One of the greatest unmet issues in conservation biology is the genetic management of fragmented animal and plant populations. Many species across the planet have fragmented distributions with some small isolated populations that are potentially suffering from inbreeding, loss of genetic diversity, and elevated extinction risk (genetic erosion). Fortunately, these effects can usually be remedied by augmenting gene flow (crossing populations within species), but this is rarely conducted. Disturbingly, evidence of any genetic differentiation among populations typically leads managers to conclude that the populations should be kept isolated, thereby dooming many to eventual extinction. We are particularly concerned with populations fragmented by human actions in the last 500 years, encompassing most of the impacts arising from a 13-fold increase in the human population.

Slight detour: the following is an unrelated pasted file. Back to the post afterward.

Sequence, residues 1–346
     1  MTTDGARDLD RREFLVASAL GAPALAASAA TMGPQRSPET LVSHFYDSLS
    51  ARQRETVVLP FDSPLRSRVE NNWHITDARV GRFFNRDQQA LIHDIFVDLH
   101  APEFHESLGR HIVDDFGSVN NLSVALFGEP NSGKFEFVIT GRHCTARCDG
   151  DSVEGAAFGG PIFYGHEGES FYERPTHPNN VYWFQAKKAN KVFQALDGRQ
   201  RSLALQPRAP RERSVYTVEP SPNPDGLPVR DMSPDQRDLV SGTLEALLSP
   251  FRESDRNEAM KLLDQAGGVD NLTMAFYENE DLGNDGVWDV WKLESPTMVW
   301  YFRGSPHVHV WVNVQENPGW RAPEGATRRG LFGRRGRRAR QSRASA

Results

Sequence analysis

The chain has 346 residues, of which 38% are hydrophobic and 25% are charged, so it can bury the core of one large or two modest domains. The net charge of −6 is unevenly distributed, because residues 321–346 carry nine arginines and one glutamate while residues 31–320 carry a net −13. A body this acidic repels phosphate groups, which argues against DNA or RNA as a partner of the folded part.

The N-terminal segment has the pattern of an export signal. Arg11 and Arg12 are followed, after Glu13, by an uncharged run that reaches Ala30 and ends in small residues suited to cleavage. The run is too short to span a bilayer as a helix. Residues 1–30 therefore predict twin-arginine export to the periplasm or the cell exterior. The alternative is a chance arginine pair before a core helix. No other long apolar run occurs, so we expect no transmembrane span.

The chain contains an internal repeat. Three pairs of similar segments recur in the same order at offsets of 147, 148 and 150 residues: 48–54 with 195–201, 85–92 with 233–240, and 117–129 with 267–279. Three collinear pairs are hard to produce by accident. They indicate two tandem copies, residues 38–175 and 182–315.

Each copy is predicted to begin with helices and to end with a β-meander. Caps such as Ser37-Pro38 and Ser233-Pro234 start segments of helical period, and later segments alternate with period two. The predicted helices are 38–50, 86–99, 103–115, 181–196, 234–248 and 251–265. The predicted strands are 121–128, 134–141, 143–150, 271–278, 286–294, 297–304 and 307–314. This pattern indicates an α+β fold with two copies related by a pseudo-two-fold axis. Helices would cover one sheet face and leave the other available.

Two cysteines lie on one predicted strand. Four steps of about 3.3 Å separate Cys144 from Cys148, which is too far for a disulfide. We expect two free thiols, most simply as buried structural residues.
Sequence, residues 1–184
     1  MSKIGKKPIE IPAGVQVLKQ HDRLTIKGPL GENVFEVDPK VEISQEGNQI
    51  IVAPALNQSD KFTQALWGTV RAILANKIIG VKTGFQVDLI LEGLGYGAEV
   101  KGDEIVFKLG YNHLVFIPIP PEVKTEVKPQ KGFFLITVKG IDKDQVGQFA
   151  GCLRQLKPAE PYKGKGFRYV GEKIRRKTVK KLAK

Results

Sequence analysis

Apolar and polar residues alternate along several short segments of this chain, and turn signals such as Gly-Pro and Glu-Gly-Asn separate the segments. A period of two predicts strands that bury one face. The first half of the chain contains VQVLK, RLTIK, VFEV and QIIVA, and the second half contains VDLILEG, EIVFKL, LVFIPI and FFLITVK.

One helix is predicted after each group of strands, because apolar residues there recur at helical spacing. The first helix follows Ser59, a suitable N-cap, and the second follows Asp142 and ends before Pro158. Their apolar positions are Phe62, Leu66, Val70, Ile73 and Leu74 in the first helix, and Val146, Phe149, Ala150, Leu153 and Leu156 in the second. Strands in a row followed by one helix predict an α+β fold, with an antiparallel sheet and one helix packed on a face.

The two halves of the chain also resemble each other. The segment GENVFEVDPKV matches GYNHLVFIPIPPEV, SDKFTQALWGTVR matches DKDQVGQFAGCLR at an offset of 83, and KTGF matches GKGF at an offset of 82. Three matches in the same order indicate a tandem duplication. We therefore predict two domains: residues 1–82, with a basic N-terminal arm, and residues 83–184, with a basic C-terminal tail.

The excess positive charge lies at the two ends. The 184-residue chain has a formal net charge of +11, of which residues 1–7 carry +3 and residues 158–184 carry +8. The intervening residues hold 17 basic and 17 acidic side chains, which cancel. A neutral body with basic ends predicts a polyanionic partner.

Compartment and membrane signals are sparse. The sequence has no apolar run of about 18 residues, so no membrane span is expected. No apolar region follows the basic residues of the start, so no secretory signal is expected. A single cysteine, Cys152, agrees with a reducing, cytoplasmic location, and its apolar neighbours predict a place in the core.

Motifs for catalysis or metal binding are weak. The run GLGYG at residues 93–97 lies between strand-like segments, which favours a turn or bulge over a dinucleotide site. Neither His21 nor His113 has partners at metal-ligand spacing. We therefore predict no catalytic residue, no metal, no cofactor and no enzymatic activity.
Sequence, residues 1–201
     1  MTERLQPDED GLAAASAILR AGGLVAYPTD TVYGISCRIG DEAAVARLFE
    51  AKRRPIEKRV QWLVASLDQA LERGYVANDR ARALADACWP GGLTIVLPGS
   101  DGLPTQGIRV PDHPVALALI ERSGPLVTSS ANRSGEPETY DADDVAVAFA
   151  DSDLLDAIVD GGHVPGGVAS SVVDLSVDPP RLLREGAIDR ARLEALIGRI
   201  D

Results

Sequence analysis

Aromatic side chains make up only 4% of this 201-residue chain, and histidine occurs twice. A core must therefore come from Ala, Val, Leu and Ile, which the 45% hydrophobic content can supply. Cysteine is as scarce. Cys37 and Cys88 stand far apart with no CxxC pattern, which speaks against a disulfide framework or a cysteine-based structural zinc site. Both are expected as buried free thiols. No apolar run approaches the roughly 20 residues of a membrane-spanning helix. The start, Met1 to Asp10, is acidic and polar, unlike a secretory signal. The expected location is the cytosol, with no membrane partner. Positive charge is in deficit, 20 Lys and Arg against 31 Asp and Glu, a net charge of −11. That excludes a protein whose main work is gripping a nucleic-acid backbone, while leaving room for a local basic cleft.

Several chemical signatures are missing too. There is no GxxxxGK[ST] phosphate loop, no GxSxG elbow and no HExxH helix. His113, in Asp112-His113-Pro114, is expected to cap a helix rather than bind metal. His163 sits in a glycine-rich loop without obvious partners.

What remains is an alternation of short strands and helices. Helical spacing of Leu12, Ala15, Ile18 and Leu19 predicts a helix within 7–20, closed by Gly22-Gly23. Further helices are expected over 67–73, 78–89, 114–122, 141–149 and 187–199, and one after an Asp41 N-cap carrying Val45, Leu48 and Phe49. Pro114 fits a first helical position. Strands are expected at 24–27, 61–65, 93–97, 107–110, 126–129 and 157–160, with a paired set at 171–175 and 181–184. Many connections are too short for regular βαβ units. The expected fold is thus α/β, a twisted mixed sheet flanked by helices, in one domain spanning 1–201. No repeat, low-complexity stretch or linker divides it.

|Place of Publication||Oxford UK|
|Publisher||Oxford University Press|
|Number of pages||391|
|Publication status||Published - 2017|
Frankham, R., Ballou, J. D., Ralls, K., Eldridge, M. D. B., Dudash, M. R., Fenster, C. B., ... Sunnucks, P. (2017). Genetic Management of Fragmented Animal and Plant Populations. Oxford UK: Oxford University Press. https://doi.org/10.1093/oso/9780198783398.001.0001